Whitianga: Plans to restore old Ferry Landing Wharf
Plans to restore old Ferry Landing Wharf
The Whitianga Ferry Landing Historic Wharf is one of the oldest working stone wharves in the Southern Hemisphere.
Through a Council and community partnership our plan is to restore the existing stone wharf by recovering old stone blocks from the sea floor beside the wharf. These blocks will be used to rebuild the original stone steps and sections of a missing wall. Divers have sighted the stones, which are at a depth of 2-4m of water. Old concrete pumps bases will be removed and bollards will be installed. A new derrick and pavers will be rebuilt, along with landscaping.
The project is in partnership with the our Council, Historic Places Trust, iwi, Institute of Engineers and the Mercury Bay community.
Why we're doing it
The Wharf is classified as a Grade One structure by Historic Places Trust and is in need of restoration and we want to preserve an iconic historical building.
The project will raise the historical heritage profile of Mercury Bay during the kauri logging period. It is also culturally significant to Mercury Bay iwi Ngati Hei, whose ancestors helped build the wharf.
Due to its historic significance it will be a tourist destination and help promote Whitianga and the wider Mercury Bay as a tourist destination.
"Restoring the Ferry Landing wharf is part of our focus in improving and maintaining our coastal and harbour areas," says Council Mercury Bay Area Manager Sam Marshall. "Improving infrastructure like boat ramps, wharves and coastal protection work only gives people more reasons to come and want to visit.
"We have a very committed group who have come together as a working group," says Mercury Bay Community Board Chairperson Paul Kelly. "These are people who are passionate about preserving and showcasing our historical heritage and also helps to showcase Mercury Bay for its uniqueness."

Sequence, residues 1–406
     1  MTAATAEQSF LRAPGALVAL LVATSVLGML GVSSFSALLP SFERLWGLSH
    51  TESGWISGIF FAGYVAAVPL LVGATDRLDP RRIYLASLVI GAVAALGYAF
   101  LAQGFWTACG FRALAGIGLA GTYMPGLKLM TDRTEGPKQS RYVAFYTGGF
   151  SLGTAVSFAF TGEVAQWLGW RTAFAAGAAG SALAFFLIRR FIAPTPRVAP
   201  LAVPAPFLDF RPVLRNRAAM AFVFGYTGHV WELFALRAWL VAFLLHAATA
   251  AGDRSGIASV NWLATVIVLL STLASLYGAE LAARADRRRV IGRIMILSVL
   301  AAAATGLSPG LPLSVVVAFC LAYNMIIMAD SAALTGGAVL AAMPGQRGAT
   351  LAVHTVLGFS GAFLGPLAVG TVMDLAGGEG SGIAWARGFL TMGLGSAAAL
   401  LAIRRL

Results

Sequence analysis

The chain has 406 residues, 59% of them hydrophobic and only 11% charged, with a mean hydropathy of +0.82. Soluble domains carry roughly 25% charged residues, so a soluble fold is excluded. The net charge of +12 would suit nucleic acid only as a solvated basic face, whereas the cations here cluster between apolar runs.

"We welcome any help that people may want to offer in terms of support for this project." says Mr Kelly.
Along with initial consultation a working party has been formed which includes:
• Ngati Hei iwi.
• Historic Places Trust
• Institute of Engineers (John La Roche and Mike Lancaster)
• Heritage archaeologist Brenda Sewell
• Local residents Toby Morcom and Alison Henry along with retired engineer Bob Nicholls
• Mercury Bay Community Board Chair Paul Kelly
• Thames-Coromandel District council staff - Mercury Bay Area Manager Sam Marshall, Project Engineer Steve Bremner.
• Waikato Regional Council
• Department of Conservation
• Mercury Bay Ferries
Community involvement and help is always gratefully received. If you want to be part of the project please email our Mercury Bay Community Coordinator email@example.com
The Ferry Landing Historic Wharf is a Council owned asset and represents significant cultural and heritage qualities. Located on the Cooks Beach side of the harbour it's used daily by the ferry service transporting people to and from Whitianga/Ferry Landing.
The wharf was central to supporting kauri logging activities in this era and part of the original 1837 stone wharf still remains. It was added to in 1864 to expand flat land for the timber mill which operated there as the Auckland Sawmill company from 1863-1881. The wharf has been modified over the years with a raised concrete foundation, petrol bowsers and timber derrick and steps for ferry access. The earliest part of the stone wharf still exists as freestone blocks at the northern end. Later additions are more regular shaped blocks.
The wharf was constructed as part of Gordon Browne's timber and spar camp and the local iwi (Ngati Hei) provided labour to construct the wharf. There's a historic pa within close proximity of the wharf. Associated with the development of the timber industry in New Zealand, a sawmill operated from 1863 -1881 when it was transferred to the other side of the river. This sawmill was the first in Mercury Bay to supply the Auckland market with timber and was the main reason for founding Whitianga township.
The Historic Places Trust has rated this site as Category A - the highest grade. The NZ Institute of Professional Engineers has also supporters of the refit of the wharf as it's one of, if not the oldest surviving structures in the country. What's more it's still, being used for its original purpose.
The intention is to restore the stonework, renew the pavements, recreate the ferry signal, derrick and marine bollards and remove the old petrol pump bases. Landscaping will also be introduced.
As this is a partnership project with our Council, iwi Historic Places Trust, and the wider community, funding is being sourced through a variety of ways, including applying for a Lotteries Commission grant. As part of the eligibility criteria our Council has to fund 1/3 share of the project, which we have committed to by proposing $256,000 in the draft 2014/2015 Annual Plan.
To find out more go to www.tcdc.govt.nz/oldferrylanding